Hardships and Broken Hearts in The Mayor of Casterbridge and Jude, the Obscure by Thomas Hardy

Hardships and Broken Hearts in The Mayor of Casterbridge and Jude, the Obscure by Thomas Hardy

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Hardships and Broken Hearts in The Mayor of Casterbridge and Jude, the Obscure by Thomas Hardy

Both of the novels, The Mayor of Casterbridge and Jude, the Obscure, written by Thomas Hardy are full of hardships and broken hearts. Many of the characters are hurtful and in return hurt badly. Each of Hardy's novels seem to portray an underlining feeling of aversion towards marriage. In each of his novels most of the marriages are unfulfilling and don't work out.

Each marriage in the novels ends up as disastrous with the exception of Elizabeth and Farfrae in The Mayor of Casterbridge. Jude and Arabaella's marriage was not a normal marriage just as was Susan and Henchard's. Sue's and Phillotson was wrong because Sue still loved Jude just as in Farfrae's and Lucetta's marriage was wrong because Lucetta had not told him the truth of everything. Thomas Hardy seems to have a bitter outlook on relation ships.

Several of his characters in each novel have love affairs and then quickly change their minds. In Mayor of Casterbridge it is Farfrae that seems to be fickle between Lucetta and Elizabeth Jane. In Jude, the Obscure it is Sue who is extremely fickle. She can't seem to decide on what she really wants. She starts out with Phillotson and then goes to Jude from there she goes back to Phillotson.

Each of the novels also experience some sort of death. In the mayor of Casterbridge the big death was Susan. In Jude, the Obscure the big death scene was three children rather then just one person. Jude's other child, Father Time, kills Sue and Jude's two children by hanging because he thought that Sue and Jude would be better off without any children.

In the beginning of the Mayor of Casterbridge there is a parting between Susan and Hechard that also ends up as one of the biggest mistakes of the hero. This too is shown in Jude, the Obscure when Jude marries Arabella, the whole relationship was based more on lust than on love. This too is Jude's first and biggest mistake. Jude is then forced by his honorable nature to marry her when she tells him that she is pregnant, a lie only to capture him. This forced marriage is similar to Henchard's and Susan's forced marriage once she finds him in Casterbridge and lies to him about Elizabeth Jane being his child.

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Each relationship built off a lie.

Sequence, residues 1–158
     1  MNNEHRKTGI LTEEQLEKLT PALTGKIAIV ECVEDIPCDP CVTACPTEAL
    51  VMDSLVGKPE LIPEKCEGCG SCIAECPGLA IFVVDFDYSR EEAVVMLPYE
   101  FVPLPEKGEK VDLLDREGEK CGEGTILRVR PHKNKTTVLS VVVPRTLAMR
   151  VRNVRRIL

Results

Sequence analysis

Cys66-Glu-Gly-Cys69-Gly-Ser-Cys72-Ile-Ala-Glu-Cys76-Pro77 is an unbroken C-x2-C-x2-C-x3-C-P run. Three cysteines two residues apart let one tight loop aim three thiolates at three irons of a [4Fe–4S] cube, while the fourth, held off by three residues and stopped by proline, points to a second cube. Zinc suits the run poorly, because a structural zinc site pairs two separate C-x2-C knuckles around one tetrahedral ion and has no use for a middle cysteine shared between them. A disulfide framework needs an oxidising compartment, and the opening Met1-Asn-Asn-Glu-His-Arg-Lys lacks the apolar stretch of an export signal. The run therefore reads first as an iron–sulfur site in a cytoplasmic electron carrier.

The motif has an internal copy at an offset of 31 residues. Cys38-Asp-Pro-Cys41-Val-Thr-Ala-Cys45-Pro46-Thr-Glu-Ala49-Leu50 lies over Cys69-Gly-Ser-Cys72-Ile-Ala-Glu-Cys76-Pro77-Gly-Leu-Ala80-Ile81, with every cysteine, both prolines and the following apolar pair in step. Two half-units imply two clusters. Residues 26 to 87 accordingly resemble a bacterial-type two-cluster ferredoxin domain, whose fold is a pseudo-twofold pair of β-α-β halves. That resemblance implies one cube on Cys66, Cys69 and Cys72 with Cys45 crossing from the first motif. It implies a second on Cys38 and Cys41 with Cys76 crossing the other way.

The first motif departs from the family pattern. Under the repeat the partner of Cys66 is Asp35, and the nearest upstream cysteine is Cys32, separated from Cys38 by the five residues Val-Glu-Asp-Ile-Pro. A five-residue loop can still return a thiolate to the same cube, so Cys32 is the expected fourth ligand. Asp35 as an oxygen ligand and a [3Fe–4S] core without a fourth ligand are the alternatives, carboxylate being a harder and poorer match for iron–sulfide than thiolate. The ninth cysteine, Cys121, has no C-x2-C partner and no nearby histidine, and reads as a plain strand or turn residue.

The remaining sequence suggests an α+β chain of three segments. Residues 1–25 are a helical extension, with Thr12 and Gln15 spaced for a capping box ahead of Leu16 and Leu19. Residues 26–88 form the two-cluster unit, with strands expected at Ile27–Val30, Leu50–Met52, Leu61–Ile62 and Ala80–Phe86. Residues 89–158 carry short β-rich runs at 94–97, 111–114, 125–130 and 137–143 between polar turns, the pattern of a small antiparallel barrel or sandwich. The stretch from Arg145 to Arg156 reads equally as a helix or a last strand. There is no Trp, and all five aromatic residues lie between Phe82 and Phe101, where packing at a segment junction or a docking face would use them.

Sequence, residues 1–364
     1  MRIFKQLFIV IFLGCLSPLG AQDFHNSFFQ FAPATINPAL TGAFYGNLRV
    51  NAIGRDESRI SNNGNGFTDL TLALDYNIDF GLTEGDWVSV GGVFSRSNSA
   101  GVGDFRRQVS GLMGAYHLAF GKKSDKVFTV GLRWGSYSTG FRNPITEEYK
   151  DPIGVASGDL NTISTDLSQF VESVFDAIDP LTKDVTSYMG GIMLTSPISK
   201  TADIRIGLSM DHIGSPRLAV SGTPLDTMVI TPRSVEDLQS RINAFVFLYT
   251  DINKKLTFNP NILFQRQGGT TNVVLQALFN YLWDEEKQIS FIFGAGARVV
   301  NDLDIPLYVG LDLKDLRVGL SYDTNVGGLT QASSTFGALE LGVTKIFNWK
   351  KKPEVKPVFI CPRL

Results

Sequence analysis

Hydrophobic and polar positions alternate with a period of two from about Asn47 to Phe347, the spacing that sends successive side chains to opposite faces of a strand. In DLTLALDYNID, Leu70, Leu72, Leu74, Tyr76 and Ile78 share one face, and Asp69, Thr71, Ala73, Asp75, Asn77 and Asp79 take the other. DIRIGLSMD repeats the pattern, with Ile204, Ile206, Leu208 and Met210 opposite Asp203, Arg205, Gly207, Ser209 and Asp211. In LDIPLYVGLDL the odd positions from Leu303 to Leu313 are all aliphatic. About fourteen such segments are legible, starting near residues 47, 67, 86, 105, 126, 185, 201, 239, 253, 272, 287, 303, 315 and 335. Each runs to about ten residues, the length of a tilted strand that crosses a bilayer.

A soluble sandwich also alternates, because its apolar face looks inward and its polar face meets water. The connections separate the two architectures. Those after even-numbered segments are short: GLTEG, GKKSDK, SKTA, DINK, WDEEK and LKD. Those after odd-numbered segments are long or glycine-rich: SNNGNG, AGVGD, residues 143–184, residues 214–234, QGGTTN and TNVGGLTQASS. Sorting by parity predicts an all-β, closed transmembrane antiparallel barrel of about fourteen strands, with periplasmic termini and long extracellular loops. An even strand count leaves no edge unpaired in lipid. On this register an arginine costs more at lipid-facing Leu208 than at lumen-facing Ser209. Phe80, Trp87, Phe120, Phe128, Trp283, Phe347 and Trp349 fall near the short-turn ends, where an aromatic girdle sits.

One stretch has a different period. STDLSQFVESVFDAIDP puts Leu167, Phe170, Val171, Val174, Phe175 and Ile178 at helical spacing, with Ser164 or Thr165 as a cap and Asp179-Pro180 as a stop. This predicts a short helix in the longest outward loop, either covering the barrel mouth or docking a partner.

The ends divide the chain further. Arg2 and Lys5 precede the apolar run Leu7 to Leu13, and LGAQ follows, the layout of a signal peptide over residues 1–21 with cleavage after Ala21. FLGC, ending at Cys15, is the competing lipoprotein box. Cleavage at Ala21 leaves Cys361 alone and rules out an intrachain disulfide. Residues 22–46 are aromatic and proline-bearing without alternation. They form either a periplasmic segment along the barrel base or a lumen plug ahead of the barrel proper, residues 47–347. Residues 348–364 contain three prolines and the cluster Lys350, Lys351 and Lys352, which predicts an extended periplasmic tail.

Throughout Jude's childhood he is much like Elizabeth Jane when she was feeling unwanted by Henchard. Jude feels this through the mistreatment of his aunt in which she calls him useless and worthless. Jude is also like Elizabeth Jane in a positive quality with his drive to learn. Like Elizabeth Jane he takes his learning into his own hands and searches out texts and books to read. He learns Latin and Greek on his own with out any help, quite a feat for anyone of his upbringing.

As Jude grows older he decides to move to Christminster and to look for his cousin Sue. This searching scene reminds me of Susan searching for Henchard in Casterbridge. Both Susan and Jude once they find their family members watch them before they contact them. Then when they do finally have contact it is through notes in both circumstances. Neither meet each other in person the first time but rather set up a physical meeting at symbolic places for both circumstances. In the Mayor of Casterbridge the meeting place is a large coliseum, where no one goes anymore, a quiet dark place. Where Jude and Sue meet it is near a cross where heretics and people who have unorthodox views were burned at the stake. This overshadows their relationship with a bad omen with the fact that Sue doesn't believe in God as she should.

Once Jude finally is with Sue they live a life not unlike Susan and Henchard's life in the beginning of the novel. Each couple wanders from here to there finding work. The difference is that Susan and Hencard were married whereas Jude and Sue were not even though they had three children. Also Jude and Sue are often turned down because of their marital status. It was socially unacceptable at that time to not be married and to have children. Many of Jude's jobs were lost when the employer found out their secret and the "family" was forced to move on.

As Jude becomes an adult he changes characters from more of an Elizabeth type to a Henchard type. Like Henchard, when his life isn't going quite right, he drinks his sorrows away at the local pub. He begins to get friends that are drinking buddies that encourage the behavior. This is seen several times throughout each of the novels. Also like Henchard he knows Sue does not want to see him even though he loves her he stays away and does not ask her to visit him while he is dieing. In the end Jude dies just as Henchard did, alone and unloved by all those he loved, and aware of it.

Thomas Hardy incorporates many of the same sorts of themes into each of his novels. Whether it is the disagreeable outlook on marriage or the view on big cities, each is tied into his books. Each of his novels also has had more of a depressing tone with endings that are not really very happy. Each of them seem to also be based on one particular city.
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